- Itchiness: Intense
- Flaking : Very mild
- Burning skin: Very mild
- Redness: Mild
- Soreness : Mild
- Weeping skin : Groin, feet again!
- Mood : Oh I finally did it.
I finally did it. I wrote the e-mail to my dermatologist to create awareness. And even if nothing much is done now, at least I “planted a seed”!
My first attempt at creating awareness was done at a polyclinic.
Went poly clinic 20th Nov Thursday got anti-histamines. Saw the doctor had pretty bad eczema on her hands and started conversing.
Me: “Doc, u have eczema too ya?”
Doc: “Yes yes”
Me: ” Do u believe that topical steroids can cause flares to wire? “
Doctor strongly saying “NO! my hands won’t be like this if I am not touching antiseptic so often. So its not a problem. …”
Duh….. so unfriendly. There goes my first attempt in sharing TSA. Doctors simply don’t believe.
So here is my 2nd attempt. I wonder whether he might reply???? hmm…. Need to e-mail yet another dermatologist….
Hi Dr Seow,
I am a long-time patient of yours, Ms Ding. You may remember me as the girl who has consulted you for eczema since she was 12 years old till 36 years old now. My father and brother had also previously consulted you on skin issues at NSC. You may also remember that I suffer pretty intense and extensive eczema all this time.
I seek your open-minded state in reading my e-mail. The subject I am touching on may not be well-received by most dermatologists, but it is very real and happening everyday. I know this topic must have been shared with you before. However, please give me a chance. I plead you to take sometime to read this, NOT as a dermatologist, but as a person who has seen rapid increase in adult chronic-eczema cases since past few decades, when topical steroids are made readily available.
The 1st attached video shows how Dr Rapaport, a Dermatologist and Clinical Professor at UCLA, first suspected a pattern in adult chronic eczema, and noticed that it is not the usual eczema. The adult sufferers often have used steroids in increasing strength for a long time. The affected skin is angry red and the patient feels like he is on fire. Normal eczema itches, but it doesn’t burn as our skin does. All this symptoms are only all too familiar to myself. He terms this as “Red Skin Syndrome” or “Topical Steroid Addiction.” Sadly, as babies are also prescribed the cream, there are many babies with this condition now. The doctor has healed at least 2000 patients from this addiction to date.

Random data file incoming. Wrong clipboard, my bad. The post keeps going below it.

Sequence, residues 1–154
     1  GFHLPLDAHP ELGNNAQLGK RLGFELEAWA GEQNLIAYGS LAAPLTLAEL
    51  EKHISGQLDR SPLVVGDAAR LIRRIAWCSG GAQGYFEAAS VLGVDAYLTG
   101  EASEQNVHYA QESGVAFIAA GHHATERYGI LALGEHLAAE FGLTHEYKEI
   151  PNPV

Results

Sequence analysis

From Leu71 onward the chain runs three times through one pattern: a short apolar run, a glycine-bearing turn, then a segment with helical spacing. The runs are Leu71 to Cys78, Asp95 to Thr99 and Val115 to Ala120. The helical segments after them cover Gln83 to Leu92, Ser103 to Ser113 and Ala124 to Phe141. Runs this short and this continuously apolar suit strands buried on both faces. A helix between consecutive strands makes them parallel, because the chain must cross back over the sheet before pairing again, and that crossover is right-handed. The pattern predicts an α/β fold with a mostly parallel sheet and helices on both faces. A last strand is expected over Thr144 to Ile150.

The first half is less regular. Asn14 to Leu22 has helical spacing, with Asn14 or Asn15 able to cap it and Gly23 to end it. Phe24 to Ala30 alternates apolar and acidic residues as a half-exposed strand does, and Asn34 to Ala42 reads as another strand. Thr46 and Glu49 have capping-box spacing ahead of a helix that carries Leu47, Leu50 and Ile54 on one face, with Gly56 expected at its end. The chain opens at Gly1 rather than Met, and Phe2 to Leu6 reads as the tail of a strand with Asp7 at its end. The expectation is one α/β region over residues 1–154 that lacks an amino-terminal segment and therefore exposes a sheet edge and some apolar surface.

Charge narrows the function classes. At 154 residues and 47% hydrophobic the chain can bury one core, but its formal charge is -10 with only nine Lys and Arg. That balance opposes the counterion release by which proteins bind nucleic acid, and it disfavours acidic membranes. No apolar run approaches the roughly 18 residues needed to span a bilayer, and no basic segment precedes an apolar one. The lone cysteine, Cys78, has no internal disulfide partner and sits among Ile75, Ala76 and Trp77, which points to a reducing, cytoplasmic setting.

Also, in the below video, this patient has, in my opinion, “correctly” represented the TSA sufferers, summing up all important points very well in an unbiased way.
An organisation has been set-up for patients like myself needing support. It is known as ITSAN http://www.itsan.org/ . It is through ITSAN I came to know how so many people in the whole world is suffering TSA like me.
Can I emphasize, we are NOT steroid phobic, nor are we pointing our fingers at anyone here, except perhaps we do blame the pharmaceutical industry somewhat. We are not saying that steroids should not be prescribed AT ALL for new eczema cases. But only as a “last” resort , prescribed for less than 2 weeks, after all non-steroid treatments are tried ineffective. The attached article shows a recent research on the topic which may answer some of the dermatologists’ questions.
Dr Seow, you know about my constant fight with eczema using steroid creams. Isn’t it good news that there is possibly a way I, or so many chronic-eczema patients, can FINALLY live like a normal healthy person? There is hope, and easy access to large doses of topical steroids must stop. But this must start with the medical and pharmaceutical industry acknowledging the existence of TSA.
Even if you have no time to read all these now, please do not delete my e-mail. Perhaps one day, you might want to examine this topic further.
Have a great work-week ahead!